It seems that California drivers do not take cell phone laws very seriously. In a recent poll conducted by The San Diego Union-Tribune, 54 percent of those who responded admitted to “cheating just a little” or “mostly ignoring [the] law” when using cell phones in their car. Unfortunately, distracted driving caused more than 1,200 car accidents statewide in 2009.
While this survey is an unofficial poll, it serves as a useful indicator of how Californians feel about the recently enacted cell phone law which prohibits cell phone use in a vehicle without a hands-free device. The results aren’t stellar—who’s to blame for California’s lack of urgency?
Cell phone laws hitting hard in San Diego County
When injuries occur as a result of distracted driving, individuals will turn to the help of competent attorneys. Personal injury and wrongful death are often cases that require legal assistance, and while seeking an accident attorney is often essential for cases such as these, the best preventative measure is staying on the right side of the law.
However, more than 500 San Diego motorists were cited for cell phone-related use while driving last week. The California Highway Patrol cited more than a dozen drivers for texting while driving, a new law enforced in California since 2009.
A Border Division Chief said agencies such as CHP, police, and sheriff will crack down on cell phone use. “Distracted drivers will not be tolerated,” he said.
In addition to reducing distracted driving, the California Department of Transportation is promoting safer driving habits to include cell phone law reminders broadcasted on electronic highway marquee boards.
“Driving is a complex task requiring motorists’ full attention,” hle said. “Anything that diverts a driver’s eyes…from the roadway even for one or two seconds can result in tragedy.” Distracted driving can result in a fatal car crashes, wrongful death, or personal injury, so staying focused on the road during the busy holiday season has never been more important for the sake of safety.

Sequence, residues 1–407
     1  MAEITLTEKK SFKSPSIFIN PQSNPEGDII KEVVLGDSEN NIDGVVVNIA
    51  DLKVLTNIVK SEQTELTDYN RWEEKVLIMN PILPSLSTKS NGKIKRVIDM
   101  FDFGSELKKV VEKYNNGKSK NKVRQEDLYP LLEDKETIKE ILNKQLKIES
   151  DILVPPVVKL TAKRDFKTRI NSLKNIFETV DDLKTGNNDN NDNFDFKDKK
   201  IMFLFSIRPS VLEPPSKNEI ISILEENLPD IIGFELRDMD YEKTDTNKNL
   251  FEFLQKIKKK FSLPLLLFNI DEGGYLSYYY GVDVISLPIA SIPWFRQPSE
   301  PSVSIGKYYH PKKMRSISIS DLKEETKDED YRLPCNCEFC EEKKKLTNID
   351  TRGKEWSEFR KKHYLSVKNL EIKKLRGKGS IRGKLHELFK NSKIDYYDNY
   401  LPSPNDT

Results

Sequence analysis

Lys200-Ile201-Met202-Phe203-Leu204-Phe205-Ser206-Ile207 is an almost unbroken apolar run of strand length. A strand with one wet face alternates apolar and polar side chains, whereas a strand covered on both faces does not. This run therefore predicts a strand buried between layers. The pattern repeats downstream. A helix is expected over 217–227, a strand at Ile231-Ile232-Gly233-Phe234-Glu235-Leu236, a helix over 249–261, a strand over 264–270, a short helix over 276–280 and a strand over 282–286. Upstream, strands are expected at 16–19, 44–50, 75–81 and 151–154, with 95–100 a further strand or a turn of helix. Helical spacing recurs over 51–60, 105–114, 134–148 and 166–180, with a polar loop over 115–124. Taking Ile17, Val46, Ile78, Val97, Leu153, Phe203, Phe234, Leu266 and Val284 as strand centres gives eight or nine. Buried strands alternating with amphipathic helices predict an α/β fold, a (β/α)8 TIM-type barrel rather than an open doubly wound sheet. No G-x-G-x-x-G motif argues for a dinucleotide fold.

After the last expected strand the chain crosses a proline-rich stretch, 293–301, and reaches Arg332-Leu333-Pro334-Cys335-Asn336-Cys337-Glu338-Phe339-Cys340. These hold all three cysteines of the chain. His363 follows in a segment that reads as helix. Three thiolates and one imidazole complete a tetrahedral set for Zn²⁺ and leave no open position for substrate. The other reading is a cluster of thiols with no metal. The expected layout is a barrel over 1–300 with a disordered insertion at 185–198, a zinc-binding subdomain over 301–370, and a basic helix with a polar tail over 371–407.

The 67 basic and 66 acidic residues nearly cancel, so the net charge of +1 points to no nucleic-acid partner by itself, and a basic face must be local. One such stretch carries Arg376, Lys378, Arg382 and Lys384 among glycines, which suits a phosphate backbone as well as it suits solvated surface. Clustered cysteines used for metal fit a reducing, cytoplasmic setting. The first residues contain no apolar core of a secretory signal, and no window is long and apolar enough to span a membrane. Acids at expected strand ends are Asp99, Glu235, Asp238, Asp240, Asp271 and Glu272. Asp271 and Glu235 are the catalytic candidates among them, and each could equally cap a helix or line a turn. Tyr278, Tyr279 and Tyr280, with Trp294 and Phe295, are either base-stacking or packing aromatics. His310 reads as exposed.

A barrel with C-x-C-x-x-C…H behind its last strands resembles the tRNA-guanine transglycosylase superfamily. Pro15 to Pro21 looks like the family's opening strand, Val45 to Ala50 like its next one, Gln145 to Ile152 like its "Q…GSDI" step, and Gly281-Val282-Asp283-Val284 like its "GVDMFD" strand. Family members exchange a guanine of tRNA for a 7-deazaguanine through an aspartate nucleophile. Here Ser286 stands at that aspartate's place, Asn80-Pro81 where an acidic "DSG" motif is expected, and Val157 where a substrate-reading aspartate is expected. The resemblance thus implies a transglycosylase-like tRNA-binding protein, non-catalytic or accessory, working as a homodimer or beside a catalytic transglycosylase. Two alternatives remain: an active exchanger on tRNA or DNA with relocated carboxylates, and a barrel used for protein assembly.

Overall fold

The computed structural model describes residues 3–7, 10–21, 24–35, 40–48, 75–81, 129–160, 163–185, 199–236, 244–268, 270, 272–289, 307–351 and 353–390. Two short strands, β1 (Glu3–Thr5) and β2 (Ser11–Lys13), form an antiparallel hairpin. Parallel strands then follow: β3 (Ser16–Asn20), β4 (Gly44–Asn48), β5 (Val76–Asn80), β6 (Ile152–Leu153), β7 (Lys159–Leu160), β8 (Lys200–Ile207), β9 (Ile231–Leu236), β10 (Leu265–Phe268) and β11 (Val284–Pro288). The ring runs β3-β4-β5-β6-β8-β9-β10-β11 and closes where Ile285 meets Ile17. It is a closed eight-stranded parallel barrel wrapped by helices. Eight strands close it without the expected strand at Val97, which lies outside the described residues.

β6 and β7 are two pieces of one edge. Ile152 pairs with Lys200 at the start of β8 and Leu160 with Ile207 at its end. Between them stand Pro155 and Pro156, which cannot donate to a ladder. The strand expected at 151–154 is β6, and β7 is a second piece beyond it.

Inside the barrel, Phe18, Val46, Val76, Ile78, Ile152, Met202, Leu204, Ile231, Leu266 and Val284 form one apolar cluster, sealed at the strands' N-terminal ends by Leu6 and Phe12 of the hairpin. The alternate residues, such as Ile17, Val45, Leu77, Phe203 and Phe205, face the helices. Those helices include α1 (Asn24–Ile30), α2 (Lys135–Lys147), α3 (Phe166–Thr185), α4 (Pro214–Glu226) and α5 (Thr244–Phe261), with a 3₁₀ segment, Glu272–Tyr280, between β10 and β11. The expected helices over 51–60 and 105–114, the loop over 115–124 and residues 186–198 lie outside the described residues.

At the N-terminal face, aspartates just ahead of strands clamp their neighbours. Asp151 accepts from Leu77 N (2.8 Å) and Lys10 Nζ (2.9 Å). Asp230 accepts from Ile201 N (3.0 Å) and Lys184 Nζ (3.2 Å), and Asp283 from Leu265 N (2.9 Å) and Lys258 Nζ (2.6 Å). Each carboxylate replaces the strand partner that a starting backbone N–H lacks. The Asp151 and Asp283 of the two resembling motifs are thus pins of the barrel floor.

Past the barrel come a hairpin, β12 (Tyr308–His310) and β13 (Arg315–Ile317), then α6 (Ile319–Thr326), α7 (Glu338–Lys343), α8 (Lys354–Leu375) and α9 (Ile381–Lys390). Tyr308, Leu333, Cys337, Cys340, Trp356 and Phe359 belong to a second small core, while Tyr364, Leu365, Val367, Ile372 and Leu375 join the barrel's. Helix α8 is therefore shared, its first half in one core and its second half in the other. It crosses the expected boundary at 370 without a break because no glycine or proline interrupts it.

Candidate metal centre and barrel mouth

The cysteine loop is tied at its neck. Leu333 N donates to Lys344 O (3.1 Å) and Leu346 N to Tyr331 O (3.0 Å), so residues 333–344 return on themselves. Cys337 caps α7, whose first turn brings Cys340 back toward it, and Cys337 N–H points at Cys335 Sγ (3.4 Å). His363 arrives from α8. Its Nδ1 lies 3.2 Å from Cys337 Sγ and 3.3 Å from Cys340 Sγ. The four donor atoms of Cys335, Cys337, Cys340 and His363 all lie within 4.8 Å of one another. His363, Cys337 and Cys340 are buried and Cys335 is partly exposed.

Caltrans supports CHP efforts to reduce distracted driving
Caltrans “Let your phone calls go to voice mail and return the call when you reach your destination,” Caltrans district director said.
Most people are aware the law requires hands-free calling while behind the wheel. A CHP officer says motorists are angry, surprised, or sheepish when pulled over. “Occasionally you’ll have people that admit wrongdoing. [They say] ‘OK, you caught me, I know it’s unsafe and I’m glad that I got caught,” Garcia said.
Cell phone stats for the Golden State
Californians haven’t been diligent in obeying the law, according to the Auto Club of Southern California, who performed spot-checks along popular freeway entrances and exits. In their findings, they found that as many as 27 out of 1,000 drivers were caught texting while driving. And, about 37 individuals were seen holding a cell phone to their ear.
Mild consequences for cell phone offenders may be to blame for California’s lack of urgency. The modest fines leave caught offenders relatively unscathed. For a first time offender, a ticket will cost $20, and no points are recorded on the driving record. Unless a car accident has occurred as a result, an accident lawyer is generally never used to dispute these kinds of tickets. And, while lawmakers have discussed increasing the fines, no changes have yet been implemented.
SENIOR PERSONAL INJURY ATTORNEY & FIRM FOUNDER
Michael Pines is a former insurance company attorney who graduated from the University of California Hastings College of the Law in 1987. While he was an insurance attorney, he learned from behind the scenes how insurance companies work and how they decide how much to pay injured people. Now that he works against insurance companies, Michael’s inside knowledge has resulted in significant benefits to his clients injured in car accidents. Learn more about Michael Pines